Previously to his apprenticeship he had been employed at his brother's works, and at the age of twelve could " throw " sufficiently well to take an active share in that department of the work. About tins time he was struck down by a severe attack of small pox, from which he only recovered to find his right knee so stiffened and numbed that he had to walk on crutches, and it was not for some time that he was enabled to dispense with them. For some time after his apprenticeship expired he was obliged to sit at his work with his leg on a stool before him. At last, when he was 38 years of age, he had his leg amputated, for the small pox had left a humour in it; and after this operation he enjoyed a tolerable amount of physical strength and activity. The mouths during which he was confined to his bed, and to his room, he had not failed to turn to good account, and make subservient to his future career. His illness had necessarily tended to drive his mind inwards, and led him to reflect deeply upon the secrets of his art, on which he had doubtless the (inner mental hold from the fact that his hands were unemployed. 

Before his apprenticeship expired he had to abandon his thrower's bench, and turn his attention to other branches of the trade, and this led to important consequences in his after career. His apprenticeship expired in 1749, and after remaining for some time with his brother, who appears to have been neither anxious nor willing to take him into business, Josiah "began life" at Stoke-on-Trent on his own account with a capital of some twenty pounds to start with. For two or three years he confined his attention chiefly to making knife handles of mottled earthenware, which he sold to the manufacturers of Birmingham and Sheffield, but in 1752 he entered into partnership with John Harrison, of Stoke. Harrison was a potter with some capital, and the alliance seemed to augur well for both, the one finding money, the other brains to conduct their business.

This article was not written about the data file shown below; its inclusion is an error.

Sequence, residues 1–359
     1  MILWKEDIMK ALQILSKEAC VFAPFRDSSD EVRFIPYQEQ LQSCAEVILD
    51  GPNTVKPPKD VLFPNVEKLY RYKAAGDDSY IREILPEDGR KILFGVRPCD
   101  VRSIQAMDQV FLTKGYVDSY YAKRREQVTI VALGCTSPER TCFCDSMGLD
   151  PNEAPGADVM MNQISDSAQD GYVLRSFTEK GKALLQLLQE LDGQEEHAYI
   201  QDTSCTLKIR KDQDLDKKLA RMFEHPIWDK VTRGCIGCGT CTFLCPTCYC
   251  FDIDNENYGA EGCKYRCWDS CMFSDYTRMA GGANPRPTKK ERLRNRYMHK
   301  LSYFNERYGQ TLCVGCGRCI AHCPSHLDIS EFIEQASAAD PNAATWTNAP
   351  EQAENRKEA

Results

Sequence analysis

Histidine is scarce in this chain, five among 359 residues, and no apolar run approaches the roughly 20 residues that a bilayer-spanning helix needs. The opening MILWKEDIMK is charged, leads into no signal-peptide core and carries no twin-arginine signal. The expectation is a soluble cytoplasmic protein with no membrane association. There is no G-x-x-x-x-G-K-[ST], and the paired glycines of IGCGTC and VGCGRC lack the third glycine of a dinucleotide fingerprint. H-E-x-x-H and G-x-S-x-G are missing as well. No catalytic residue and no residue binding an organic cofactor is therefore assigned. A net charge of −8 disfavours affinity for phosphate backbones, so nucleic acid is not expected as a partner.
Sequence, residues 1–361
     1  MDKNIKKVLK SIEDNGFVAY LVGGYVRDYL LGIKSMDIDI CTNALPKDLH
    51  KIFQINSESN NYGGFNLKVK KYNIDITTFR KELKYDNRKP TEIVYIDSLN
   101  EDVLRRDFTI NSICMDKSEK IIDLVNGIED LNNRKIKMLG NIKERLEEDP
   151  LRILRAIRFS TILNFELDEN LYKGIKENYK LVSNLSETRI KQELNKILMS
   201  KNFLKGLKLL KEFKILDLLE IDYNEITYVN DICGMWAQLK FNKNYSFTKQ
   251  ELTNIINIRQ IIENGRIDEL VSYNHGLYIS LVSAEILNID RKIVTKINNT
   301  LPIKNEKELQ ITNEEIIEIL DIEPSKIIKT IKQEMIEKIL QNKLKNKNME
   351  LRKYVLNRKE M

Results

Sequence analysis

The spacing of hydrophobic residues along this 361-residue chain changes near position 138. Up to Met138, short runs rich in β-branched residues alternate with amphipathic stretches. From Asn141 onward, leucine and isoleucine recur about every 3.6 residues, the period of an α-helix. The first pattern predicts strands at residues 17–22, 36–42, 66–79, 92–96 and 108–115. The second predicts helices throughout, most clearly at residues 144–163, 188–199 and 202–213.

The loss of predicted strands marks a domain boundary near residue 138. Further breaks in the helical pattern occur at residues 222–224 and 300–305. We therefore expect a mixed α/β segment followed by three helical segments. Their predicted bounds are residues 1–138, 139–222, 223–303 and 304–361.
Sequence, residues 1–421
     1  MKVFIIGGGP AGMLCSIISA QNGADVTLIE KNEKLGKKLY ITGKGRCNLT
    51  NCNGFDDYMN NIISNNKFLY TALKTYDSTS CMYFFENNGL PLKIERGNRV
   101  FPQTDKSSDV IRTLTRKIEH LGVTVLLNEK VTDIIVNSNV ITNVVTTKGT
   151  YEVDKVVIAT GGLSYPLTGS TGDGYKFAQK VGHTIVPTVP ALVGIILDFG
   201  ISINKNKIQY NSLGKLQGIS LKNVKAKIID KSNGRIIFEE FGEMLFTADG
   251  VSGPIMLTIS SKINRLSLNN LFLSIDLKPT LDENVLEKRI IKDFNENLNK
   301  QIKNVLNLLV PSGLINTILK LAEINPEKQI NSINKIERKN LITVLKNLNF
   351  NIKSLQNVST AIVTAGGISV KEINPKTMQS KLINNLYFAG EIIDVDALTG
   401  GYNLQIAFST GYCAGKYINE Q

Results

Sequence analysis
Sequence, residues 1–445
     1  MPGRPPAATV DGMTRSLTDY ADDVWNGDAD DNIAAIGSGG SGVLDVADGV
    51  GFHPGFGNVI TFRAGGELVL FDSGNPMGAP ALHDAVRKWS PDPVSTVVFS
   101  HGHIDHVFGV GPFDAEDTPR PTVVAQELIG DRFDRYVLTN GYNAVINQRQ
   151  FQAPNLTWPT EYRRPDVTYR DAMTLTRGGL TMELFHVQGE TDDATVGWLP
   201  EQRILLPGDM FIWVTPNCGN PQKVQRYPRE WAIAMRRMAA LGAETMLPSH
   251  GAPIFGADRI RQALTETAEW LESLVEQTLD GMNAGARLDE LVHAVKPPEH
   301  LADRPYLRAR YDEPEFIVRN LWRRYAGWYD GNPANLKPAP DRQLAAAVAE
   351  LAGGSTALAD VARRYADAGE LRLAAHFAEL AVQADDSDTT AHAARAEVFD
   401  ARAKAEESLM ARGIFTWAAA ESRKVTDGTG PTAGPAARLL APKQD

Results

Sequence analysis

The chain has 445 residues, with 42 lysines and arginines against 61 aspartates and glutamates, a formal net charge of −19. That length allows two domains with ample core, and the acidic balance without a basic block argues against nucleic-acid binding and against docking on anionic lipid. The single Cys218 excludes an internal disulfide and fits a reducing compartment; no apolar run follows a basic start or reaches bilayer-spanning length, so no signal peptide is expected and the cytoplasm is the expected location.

The chief productions of the new firm seem to have been agate and other knife hafts, and the ordinary kind of ware then most in demand. Two years later there was an addition to the firm in the person of Thomas Wheeldon, the most eminent potter of the day, with whom Wedgwood remained in partnership live years, Harrison having in the meantime retired. Wedgwood now commenced to work at Fenton Low in conjunction with Wheeldon. One of his first productions was a new green ware, which had the smoothness and brilliancy of glass, and was soon extensively used for dessert services, &c. These goods were generally admired both for their beauty and their cheapness. Indeed the manufactures of the firm during the five years of the alliance were remarkably good both in quality and form, and being now very scarce are highly prized by collectors.